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Old 10-22-2019, 10:52 AM   #1
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Whirlpool fridge amps draw

We have the Whirlpool residential fridge in our 2020 North Point and a 1200 watt Xantrex inverter. Full load efficiency is 86%. Has anyone measured the current draw from the fridge. There may be a surge when the fridge compressor turns on but I'm assuming about 5 amps after start up. I'd like to determine the deep cycle battery size that will carry the load while traveling. The truck will provide some level of recharge while driving. I know the 6 volt deep cycles are recommended but would like to stay with a single 12 volt. No boon-docking or dry camping. Just 1 hour stops for lunch.


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Old 10-22-2019, 11:58 AM   #2
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Iím not sure the amps, but I replaced the two 12v grp 24 batts in my unit with two Duracell 6v batteries. Did a 12 hr drive and batteries were fully charged when got to our destination. Same fridge. Different FW. It was cooler. Temps were mostly in the 70ís and 80ís.
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Old 10-22-2019, 01:16 PM   #3
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Iím not sure the amps, but I replaced the two 12v grp 24 batts in my unit with two Duracell 6v batteries. Did a 12 hr drive and batteries were fully charged when got to our destination. Same fridge. Different FW. It was cooler. Temps were mostly in the 70ís and 80ís.
Thanks TxLoser

As much as I'm trying to stay with a 12 volt single, I like the AH ratings of the 2 x 6 volt. They would remove any concerns for what we're trying to do.
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Old 10-22-2019, 07:45 PM   #4
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Only one battery in your NP?
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Old 10-22-2019, 08:02 PM   #5
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Only one battery in your NP?
Of course the dealer installed a group 24 single 12 volt battery. I'm looking at 2 - US2000 or 2200 XC2 batteries now. Can get them at a nearby distributor at a good price.
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Old 10-23-2019, 07:48 AM   #6
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Your manual will state the manufacture recommends 2 - 12 volts batteries. Our dealer only installed one? Jayco's package supplied enough cables to install four batteries. When asked the dealer, they stated their prep department only needs one to deliver. Now I'm glad after finding what they charged to install just one. $175.00 dollars. It just doesn't make sense to pay ($60k) and then pay extra for a battery, when the RV has to have it to operate.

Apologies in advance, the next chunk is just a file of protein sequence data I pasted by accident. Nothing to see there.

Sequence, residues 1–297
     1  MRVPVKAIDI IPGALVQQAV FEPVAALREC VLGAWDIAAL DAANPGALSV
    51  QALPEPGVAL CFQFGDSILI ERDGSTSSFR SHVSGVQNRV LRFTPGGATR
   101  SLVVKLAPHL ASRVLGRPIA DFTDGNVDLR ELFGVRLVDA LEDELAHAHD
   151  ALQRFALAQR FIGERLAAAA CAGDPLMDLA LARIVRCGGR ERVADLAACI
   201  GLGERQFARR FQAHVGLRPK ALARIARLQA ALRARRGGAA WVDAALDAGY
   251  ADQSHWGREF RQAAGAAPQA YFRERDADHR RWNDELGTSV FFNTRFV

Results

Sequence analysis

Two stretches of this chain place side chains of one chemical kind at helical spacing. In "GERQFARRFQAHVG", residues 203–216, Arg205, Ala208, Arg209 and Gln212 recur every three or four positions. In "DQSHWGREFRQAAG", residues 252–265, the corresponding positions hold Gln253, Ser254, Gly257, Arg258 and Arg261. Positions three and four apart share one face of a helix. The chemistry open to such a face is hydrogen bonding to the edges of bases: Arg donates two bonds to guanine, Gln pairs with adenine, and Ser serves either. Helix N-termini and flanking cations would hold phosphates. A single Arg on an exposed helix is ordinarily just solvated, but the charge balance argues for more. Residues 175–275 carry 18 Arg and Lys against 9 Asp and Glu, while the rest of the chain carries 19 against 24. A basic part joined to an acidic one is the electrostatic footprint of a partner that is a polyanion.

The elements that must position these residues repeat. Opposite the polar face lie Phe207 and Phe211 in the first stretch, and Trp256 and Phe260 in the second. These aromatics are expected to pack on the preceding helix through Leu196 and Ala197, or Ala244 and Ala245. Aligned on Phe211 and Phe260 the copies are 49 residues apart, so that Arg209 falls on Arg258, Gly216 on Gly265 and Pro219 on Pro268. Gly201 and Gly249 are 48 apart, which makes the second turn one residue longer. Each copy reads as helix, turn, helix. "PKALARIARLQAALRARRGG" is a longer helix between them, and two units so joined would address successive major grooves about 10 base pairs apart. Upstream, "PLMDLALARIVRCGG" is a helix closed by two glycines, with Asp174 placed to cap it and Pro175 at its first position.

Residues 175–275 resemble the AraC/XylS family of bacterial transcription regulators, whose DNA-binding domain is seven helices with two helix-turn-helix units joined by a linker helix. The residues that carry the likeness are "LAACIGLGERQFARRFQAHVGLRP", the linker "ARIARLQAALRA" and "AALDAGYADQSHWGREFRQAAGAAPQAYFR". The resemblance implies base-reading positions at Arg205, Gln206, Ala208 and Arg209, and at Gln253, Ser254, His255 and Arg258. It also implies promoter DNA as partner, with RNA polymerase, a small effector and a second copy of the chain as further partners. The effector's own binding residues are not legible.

That being said. Our single battery will provide to the res/fridge (only) for about six hours and then the remote panel for the inverter will beep a low battery alarm (11.4v). We purchased another same type battery at the local trailer shop for $85.00. WOW !! Not sure on how long it will take to get the low battery alarm but we travel six hours and no alarm.

Still have enough room in the storage area for two more batteries (with cables) but we don't boonedock so not yet.

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Old 10-23-2019, 11:28 AM   #7
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One battery. Especially a group 24 wonít hack it on a long drive in warm temps. Maybe my two 12v the dealer installed were already toast but they struggled on a hot 3hr drive. Iíd source a couple 6v. I think I paid maybe 205 for the pair with tax. Very much worth it. Iíd have four if I could figure a way to get the shelf out of there.
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Old 10-23-2019, 12:17 PM   #8
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Originally Posted by DrSmart View Post
We have the Whirlpool residential fridge in our 2020 North Point and a 1200 watt Xantrex inverter. Full load efficiency is 86%. Has anyone measured the current draw from the fridge. There may be a surge when the fridge compressor turns on but I'm assuming about 5 amps after start up. I'd like to determine the deep cycle battery size that will carry the load while traveling. The truck will provide some level of recharge while driving. I know the 6 volt deep cycles are recommended but would like to stay with a single 12 volt. No boon-docking or dry camping. Just 1 hour stops for lunch.


Thanks
Dave
I have a 250 Ford Truck (gas engine) that I have pulled my Jayco Eagle 39 foot camper with for the last two years. Camper and truck have standard batteries. My Whirlpool double door refrigerator with in door ice and eater dispenser have worked great with as much as 24 hrs before battery got low. Maybe this helps. John, Evans, GA
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Old 11-06-2019, 11:24 PM   #9